It used to be that we patients could make an appointment with just about any doctor or hospital we wanted to, and not give any thought to whether or not our insurance company would pay for those appointments or hospital stays. However, that is no longer true. As health insurance options and costs become more difficult for patients to deal with, the same is also true for doctors, hospitals, testing facilities, pharmacies and other healthcare providers.
As a result, fewer doctors and facilities are willing to work with fewer health insurance companies – and that spells trouble for patients.
It’s no longer unusual for a doctor’s or other provider’s services to not be covered by our insurance plans. Most insurance plans restrict who we can see, or where we can go for medical care by refusing to pay for those services and care. If we see a doctor or other provider that is not covered by insurance – whether or not we intended to do so – it is called “out of network”.
Sometimes we make that choice intentionally. Maybe you know your obstetrician is no longer covered by your insurance plan – but you wouldn’t let anyone else deliver your baby. You’ll pay extra for that out-of-network care because you believe that doctor’s services are worth the extra out of pocket cost.
Sometimes we are blindsided by extra bills from an out-of-network provider who we thought was covered, but was not.
Your surgeon is part of your insurance company’s network, but the radiologist your surgeon works with is not – and you get a bill from the radiologist. Or you go to see the primary care doctor you’ve seen for years, only to find out when a much higher bill than you expected arrives that your doctor no longer accepts your insurance plan.
Or, your insurance reimburses for hospital expenses, but not for a private room – but a private room was the only kind available, so you end up being billed for a private room as if you didn’t have insurance.
Perhaps the most frustrating aspect of out-of-network expenses is that there are different pricing structures for insurance companies vs individuals. Examples: The doctor visit that costs your insurance $40 worth of reimbursement will cost you $100 out of your pocket as an out-of-network service. Or the drug that used to cost you a $10 co-pay, and costs your insurer $50, now costs you $120 at the pharmacy because you are no longer part of that network.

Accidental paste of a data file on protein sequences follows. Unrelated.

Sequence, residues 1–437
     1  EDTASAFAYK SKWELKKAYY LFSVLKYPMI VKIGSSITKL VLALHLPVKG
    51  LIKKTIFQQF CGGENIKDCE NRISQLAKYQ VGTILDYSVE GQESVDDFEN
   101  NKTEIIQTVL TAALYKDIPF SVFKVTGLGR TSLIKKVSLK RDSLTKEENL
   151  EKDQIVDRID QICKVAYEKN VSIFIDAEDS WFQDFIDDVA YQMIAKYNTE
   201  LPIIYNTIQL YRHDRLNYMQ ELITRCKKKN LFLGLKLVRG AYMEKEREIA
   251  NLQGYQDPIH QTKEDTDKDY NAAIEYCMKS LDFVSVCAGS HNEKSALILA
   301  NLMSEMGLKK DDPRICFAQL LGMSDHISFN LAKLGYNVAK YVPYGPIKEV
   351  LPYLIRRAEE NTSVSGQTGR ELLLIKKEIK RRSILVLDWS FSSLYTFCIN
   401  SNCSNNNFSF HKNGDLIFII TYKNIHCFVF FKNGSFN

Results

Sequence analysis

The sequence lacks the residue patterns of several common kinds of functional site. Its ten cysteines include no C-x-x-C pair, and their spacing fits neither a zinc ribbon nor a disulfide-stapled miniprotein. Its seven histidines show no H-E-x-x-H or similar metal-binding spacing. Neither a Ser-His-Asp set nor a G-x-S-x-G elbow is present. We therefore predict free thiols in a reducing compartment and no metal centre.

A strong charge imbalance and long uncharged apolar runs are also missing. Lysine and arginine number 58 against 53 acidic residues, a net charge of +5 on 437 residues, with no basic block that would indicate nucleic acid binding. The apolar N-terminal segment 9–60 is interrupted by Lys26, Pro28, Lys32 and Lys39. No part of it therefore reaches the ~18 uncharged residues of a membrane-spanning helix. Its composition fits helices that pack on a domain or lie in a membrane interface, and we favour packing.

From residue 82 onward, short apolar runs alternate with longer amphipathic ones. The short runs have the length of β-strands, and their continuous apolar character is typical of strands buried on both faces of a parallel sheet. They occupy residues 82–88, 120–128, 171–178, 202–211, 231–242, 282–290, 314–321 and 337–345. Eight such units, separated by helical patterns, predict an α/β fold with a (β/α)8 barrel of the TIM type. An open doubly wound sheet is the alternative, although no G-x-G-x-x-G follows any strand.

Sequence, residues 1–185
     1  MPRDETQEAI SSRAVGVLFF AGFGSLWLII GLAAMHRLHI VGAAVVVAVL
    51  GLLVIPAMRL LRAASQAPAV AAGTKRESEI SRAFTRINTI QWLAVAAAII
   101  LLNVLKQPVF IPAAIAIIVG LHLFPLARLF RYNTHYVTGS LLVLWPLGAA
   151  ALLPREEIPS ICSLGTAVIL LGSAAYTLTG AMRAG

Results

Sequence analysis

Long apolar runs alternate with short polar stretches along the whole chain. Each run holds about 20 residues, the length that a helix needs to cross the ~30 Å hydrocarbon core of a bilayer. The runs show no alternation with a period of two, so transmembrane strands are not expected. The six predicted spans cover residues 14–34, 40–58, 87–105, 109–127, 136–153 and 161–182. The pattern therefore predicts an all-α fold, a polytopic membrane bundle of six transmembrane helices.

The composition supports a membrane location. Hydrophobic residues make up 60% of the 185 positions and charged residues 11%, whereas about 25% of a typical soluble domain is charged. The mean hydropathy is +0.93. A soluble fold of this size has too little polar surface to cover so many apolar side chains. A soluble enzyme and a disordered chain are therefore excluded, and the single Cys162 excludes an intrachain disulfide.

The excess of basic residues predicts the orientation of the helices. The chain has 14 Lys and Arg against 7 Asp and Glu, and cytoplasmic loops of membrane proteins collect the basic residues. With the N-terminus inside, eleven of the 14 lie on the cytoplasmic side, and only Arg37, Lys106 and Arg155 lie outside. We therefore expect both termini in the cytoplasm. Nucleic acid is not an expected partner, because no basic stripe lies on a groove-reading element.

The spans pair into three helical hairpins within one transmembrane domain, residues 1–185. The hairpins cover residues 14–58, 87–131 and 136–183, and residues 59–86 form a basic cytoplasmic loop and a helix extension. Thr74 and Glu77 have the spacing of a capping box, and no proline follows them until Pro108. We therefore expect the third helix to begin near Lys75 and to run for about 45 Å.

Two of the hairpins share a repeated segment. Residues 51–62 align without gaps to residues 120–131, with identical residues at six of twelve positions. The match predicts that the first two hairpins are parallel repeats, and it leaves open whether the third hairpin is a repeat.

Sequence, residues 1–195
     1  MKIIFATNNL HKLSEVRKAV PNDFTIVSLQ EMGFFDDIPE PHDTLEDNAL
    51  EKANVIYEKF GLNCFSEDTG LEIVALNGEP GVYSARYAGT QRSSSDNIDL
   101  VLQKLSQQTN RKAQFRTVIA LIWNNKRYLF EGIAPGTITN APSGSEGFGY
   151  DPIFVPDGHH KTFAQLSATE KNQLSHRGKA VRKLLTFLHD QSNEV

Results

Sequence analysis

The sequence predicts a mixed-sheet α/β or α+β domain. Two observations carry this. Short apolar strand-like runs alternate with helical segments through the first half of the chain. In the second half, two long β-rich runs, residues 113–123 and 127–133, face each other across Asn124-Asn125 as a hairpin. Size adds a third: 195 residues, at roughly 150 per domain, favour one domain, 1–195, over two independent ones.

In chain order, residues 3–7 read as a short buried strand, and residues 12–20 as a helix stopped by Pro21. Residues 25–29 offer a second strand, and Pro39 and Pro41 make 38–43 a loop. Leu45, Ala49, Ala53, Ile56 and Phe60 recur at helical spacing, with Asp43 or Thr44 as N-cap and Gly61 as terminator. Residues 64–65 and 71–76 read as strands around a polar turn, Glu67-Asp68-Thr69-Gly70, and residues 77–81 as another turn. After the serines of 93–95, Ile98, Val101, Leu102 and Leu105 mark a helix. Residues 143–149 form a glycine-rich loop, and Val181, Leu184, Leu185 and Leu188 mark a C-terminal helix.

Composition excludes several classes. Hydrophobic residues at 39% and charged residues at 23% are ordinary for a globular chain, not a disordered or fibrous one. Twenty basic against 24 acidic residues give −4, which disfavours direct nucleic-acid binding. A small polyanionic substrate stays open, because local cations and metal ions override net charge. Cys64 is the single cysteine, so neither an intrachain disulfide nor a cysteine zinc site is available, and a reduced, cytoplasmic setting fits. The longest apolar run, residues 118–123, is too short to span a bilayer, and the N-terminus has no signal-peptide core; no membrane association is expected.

What can we patients do about it?
There are a few steps we can take to avoid out-of-network costs, or to try to control them:
How to Avoid Out-of-Network Billing
Prior to receiving care, don’t just ask whether a doctor or service “works with” your insurance. Many doctors and healthcare facilities will tell you that yes, they will “work with” your insurer, even if that work is considered out-of-network. Instead, ask whether they are part of your plan’s network. And, of course, get the answer in writing whenever possible.
Don’t assume that anything your doctor orders for you will be covered just because your doctor is covered. Your doctor might order a blood test and send you to a lab in the same building. But that lab may not be covered by your health insurance. Double check every step of the way.
If possible, check with your insurer prior to the care, too. Ask your insurer (or go online to the insurer’s website to find out) if your plan covers the doctors and services you will need. This may not be easy to uncover in a case like a hospital billing described above, but it’s worth a try. And, of course, get the answers in writing whenever possible.
If You Do Receive an Out-of-Network Medical Bill Complain to the insurance company first, and see if you can get them to pay the bills. You may find the description in your policy is fuzzy. Pull out all the stops to make sure you make it very difficult for them to say no.
Negotiate those bills. Call the hospital or provider’s billing department, tell them your bills are unaffordable, and politely ask them to help you bring them down to a level you can afford. Ask them to at least honor what the insurance company would have paid for them. Ask them to put you on a payment plan, too.
If you can’t or won’t complain to the insurer, or can’t or won’t negotiate the bills yourself, find a medical billing advocate to help you. They will negotiate on your behalf, will make sure unnecessary and unfair charges are removed, and will set you up on a payment plan with the hospital. You’ll have to pay for their services, but you will very likely save far more than you spend due to their knowledge of how the system works.
How to Complain in Hopes of Changing the Increase in Out-of-Network Care
Complain loudly and often. Complain to the hospital or provider (AFTER your negotiations are finished.) Complain to your insurer. And complain to both the health insurance department and the attorney general in your state.
Be as careful as possible in choosing your health insurance when you are able to make a change. Insurance plans must provide a list of doctors who accept their plans before you commit to their insurance, so you can start there. You can ask your doctor or his or her office manager questions, too.